As bad a day as Jonah was having, he still automatically assessed his chances with her before she’d even said a word. He knew it in a heartbeat: she wasn’t just out of his league, she was out of his universe.

Even if he hadn’t been having the second shittiest day of his life, he probably wouldn’t have bothered to make a play for her. That was why he didn’t bother to get up when the woman approached him. He just stared out from behind his long, white bangs and burped softly.

“Hello, Mr. Ivory.” She stopped a few feet away and didn’t offer to shake his hand. She had a slight accent—Italian, maybe? “My name is Stanza Miracolo.”

“Don’t mind me.” Jonah waved at the two closed caskets. “Go ahead and view all you like.”

“Not here for that, thanks.” Stanza slid two fingers into a vest pocket of her red leather jacket. “Here for you,” she said, tugging out a business card and offering it to him.

When Jonah didn’t take the card, she flipped it at him. The card landed face-up on his stomach, and he stared down at it.

Stanza Miracolo, it said. Bloodlines Genealogy & Beyond.

Jonah brushed the card from his black Jethro Tull t-shirt. “You picked the wrong day to try to sell me something, lady,” he said, and then he polished off his beer.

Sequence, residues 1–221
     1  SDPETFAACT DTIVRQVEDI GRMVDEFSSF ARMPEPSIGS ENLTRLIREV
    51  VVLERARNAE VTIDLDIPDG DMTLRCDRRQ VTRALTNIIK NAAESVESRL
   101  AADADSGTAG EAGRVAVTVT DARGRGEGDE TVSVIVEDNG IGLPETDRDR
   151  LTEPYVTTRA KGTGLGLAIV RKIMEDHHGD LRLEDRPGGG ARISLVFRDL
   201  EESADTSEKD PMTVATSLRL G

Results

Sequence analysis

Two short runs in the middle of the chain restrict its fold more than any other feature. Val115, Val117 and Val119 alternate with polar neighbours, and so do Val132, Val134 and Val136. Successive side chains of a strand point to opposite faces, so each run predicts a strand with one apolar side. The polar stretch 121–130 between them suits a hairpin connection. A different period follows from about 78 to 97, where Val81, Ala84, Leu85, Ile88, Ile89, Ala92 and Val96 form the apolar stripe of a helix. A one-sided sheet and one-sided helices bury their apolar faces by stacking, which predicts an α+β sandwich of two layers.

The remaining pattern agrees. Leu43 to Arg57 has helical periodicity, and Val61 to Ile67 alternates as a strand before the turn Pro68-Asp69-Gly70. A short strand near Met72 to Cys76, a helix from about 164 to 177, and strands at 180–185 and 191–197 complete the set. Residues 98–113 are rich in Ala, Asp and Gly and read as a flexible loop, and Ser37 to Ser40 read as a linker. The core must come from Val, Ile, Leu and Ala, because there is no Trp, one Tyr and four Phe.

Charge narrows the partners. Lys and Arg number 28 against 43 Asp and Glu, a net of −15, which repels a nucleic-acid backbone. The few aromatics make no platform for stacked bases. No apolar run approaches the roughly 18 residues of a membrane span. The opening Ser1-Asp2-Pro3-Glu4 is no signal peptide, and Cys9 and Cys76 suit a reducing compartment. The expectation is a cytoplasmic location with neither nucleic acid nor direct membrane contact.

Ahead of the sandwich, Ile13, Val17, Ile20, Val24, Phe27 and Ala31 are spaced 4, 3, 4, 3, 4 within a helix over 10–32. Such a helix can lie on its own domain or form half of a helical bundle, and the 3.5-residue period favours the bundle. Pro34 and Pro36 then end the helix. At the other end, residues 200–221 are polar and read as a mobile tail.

“Already paid for,” said Stanza. “I’m your inheritance.”

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Now

The villagers never paid attention to the dogs anymore.

The constant barking and scrabbling was background noise after years of so many strays learning to survive past their pampered origins. The rich, forested mountains in Transylvania were kinder than the crowded streets of Bucharest, under Communism or decades later. Creatures meant to warm laps and comfort hands have no easy transition to wandering, endlessly searching for shelter.

Some whisper of instinct surely must remain, even with every appearance of wild ancestors bred out of them decades before.

Leo Sabov wondered at that every time he was in Romania, how such a huge population could go unnoticed in the city or in the country. People could get so worked up over stray animals in the US, yet somehow the nomadic animals here seemed healthier and more content with less attention.